This pretty thing was found by Claudia Howse, Glenys Howse and James Beuvink while on holiday in the Bay of Islands, New Zealand earlier this month. Confused and dumbfounded, they sent it to the Museum of New Zealand Te Papa Tongarewa for identification.
In a Facebook post, the museum initially said the “fish with legs” was “likely to be a species of Frogfish.” The museum’s resident fish expert Andrew Stewart has now identified the specimen as a striated frogfish, a.k.a the hairy frogfish (Antennarius striatus.) After its postmortem, the researchers took a small tissue sample from the frogfish to keep for further examination.
Usually, this species has distinctive spotted or streaked marking, so this all-black look took everybody off guard.
"It is very unusual in that it is completely black, with only a trace of a pattern on the shaft of the Illicium (stem of the lure)," the museum wrote in their latest Facebook post, referring to the animal's fishing rod-like apparatus, similar to those seen in Anglerfish. "There are competing theories around this: is it one highly variable species, or several? The tissue sample we took will help to answer this."
These frogfishes are able to “walk” along and lurk on the seabed using their downward pointing pectoral fins. Despite their small stature, they’re also pretty ferocious carnivores that have been known to be cannibals. To reel in their prey, they use a worm-like lure on their head. Once in range, they outwardly expand their mouths, allowing them to gobble up fish the same size as them.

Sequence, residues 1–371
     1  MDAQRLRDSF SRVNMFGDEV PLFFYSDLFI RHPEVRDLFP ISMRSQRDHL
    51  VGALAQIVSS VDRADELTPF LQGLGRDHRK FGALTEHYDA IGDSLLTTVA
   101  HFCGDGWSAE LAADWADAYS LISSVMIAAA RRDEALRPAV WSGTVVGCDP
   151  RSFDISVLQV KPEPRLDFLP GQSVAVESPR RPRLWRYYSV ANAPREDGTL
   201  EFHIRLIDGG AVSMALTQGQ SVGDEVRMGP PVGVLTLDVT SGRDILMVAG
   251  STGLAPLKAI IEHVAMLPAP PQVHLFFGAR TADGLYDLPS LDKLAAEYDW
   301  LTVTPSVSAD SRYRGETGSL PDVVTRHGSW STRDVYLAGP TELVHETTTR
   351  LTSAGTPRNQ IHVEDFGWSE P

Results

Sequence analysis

As the museum also explained in their Facebook post, “Frogfishes have the fastest bite of any vertebrate. Their mouths expand at the speed approaching a .22 rifle bullet – and that's in a medium 800x denser than air.”
Update 26/01/16: We’d like to clarify that the frogfish was NOT killed for research purposes. New Zealand museums have a long-held practice against killing any animals for this purpose. The family who found the fish put it into a saltwater bait tank, intending to send it to Kelly Tarlton's aquarium in Auckland for identification. Unfortunately the fish died, so instead they sent it to the museum as a research specimen.